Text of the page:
The Prey

I’m going to be honest here.

I didn’t expect this book to be great. I know, I know- don’t judge a book by its cover and all that. But it was one of those books you pick up at the last second, push to the side amidst long-awaited sequels, and eventually muddle your way through while simultaneously watching your favourite reality TV show. You might take a liking to one of the characters; you might even search up the author’s website in a moment of boredom.

The Prey by Tom Isbell is nothing like that.

Based in the radiation-torn Republic of True America, this book starts off with Book, a sixteen-yar-old boy who was born with one leg shorter than the other. Since he could remember, he’s been living in Camp Liberty, a facility where boys live until they pass through the “Rite” at the age of seventeen. Book can’t wait until he passes through the Rite and finally becomes one of the Brown Shirts… until a mysterious boy shows up at the boundaries of camp to tell him otherwise. The boy, nicknamed Cat, shows Book what really happens when you go through the Rite: the campers are hunted down for the same mental and physical differences they were sent to Camp Liberty in the first place for.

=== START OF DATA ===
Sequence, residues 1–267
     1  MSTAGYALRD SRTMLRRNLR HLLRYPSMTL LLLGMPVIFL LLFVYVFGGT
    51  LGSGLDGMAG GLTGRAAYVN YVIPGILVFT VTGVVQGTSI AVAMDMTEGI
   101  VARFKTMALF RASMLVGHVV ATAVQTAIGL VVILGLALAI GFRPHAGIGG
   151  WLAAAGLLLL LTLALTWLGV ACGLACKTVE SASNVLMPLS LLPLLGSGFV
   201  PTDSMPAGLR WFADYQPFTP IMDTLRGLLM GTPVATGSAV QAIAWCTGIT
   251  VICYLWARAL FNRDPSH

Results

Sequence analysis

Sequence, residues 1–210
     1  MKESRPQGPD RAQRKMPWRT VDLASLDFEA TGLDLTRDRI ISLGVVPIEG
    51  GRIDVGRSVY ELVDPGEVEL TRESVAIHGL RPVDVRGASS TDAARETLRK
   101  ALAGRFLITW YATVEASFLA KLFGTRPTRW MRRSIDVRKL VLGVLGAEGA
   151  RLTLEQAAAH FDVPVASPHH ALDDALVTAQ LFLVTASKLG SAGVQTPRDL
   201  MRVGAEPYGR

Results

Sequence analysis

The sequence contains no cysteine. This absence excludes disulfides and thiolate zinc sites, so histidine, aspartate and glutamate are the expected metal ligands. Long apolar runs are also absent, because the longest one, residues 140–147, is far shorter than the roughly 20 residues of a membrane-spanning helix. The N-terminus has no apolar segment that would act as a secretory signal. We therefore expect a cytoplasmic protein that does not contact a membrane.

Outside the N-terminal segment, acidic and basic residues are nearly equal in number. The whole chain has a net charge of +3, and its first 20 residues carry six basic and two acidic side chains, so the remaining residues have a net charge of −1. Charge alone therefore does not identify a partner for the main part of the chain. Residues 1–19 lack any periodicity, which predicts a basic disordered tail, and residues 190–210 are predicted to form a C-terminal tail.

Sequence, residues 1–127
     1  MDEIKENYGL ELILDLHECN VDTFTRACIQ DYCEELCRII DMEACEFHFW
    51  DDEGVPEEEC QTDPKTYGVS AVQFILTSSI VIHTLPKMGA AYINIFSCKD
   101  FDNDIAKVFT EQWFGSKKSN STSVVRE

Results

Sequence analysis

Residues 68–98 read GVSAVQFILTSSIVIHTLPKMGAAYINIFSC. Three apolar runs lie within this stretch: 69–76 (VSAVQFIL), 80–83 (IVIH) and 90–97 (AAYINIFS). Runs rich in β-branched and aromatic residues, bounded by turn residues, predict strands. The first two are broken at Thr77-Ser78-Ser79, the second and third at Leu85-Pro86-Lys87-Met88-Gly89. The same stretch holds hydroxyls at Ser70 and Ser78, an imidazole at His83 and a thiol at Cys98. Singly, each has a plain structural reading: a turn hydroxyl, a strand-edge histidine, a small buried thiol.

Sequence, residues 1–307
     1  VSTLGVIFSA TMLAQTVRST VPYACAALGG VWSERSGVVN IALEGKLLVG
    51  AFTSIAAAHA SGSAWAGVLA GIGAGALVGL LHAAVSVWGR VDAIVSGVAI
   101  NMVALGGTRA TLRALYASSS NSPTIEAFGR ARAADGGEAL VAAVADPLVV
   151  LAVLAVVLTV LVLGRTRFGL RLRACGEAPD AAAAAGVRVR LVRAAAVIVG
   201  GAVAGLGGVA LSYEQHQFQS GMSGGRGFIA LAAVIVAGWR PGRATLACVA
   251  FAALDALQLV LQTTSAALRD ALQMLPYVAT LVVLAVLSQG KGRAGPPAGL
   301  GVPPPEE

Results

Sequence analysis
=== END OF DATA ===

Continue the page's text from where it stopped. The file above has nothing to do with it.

The second chapter starts the story of a sixteen-year-old girl named Hope. Straggling through the wilderness with her father and twin sister Faith, they’ve been living on the run ever since the Brown Shirts murdered her mother ten years prior. Just before her father dies, he tells Hope that she must separate from Faith if she wants to survive. Obviously, she’s like, “um… okay, you’re delusional, and how ’bout not?” but that doesn’t stop Faith from running off in the night. Long story short, Hope and Faith end up in a different concentration camp, called Camp Freedom, where most girls have a twin, and some don’t… anymore.

Following the adventure of Hope, Book, Cat, and all of their friends as they try to escape the Republic, this book is pure awesomeness in all four hundred and four pages. Since this book has some pretty complex themes, and has obviously taken a lot of inspiration from what happened in World War II, I would reccomend this more for grade eights and up. Personally. But, I mean, if you’re in grade four and you find this book really interesting, who am I to hold you back? It’s a great book. The Prey– in my experience, which I’m not saying is extensive by any means- is one of the best books I’ve ever read. Hands-down.

It was just enough action. Just enough inspiration. Just enough fantasy. Just enough reality. Just enough romance. Just enough tragedy. Just enough we’re-probably-going-to-die-today-and-I-couldn’t-have-asked-to-be-with-better-people.

Just enough why-haven’t-I-heard-of-this-book-before.

the prey book cover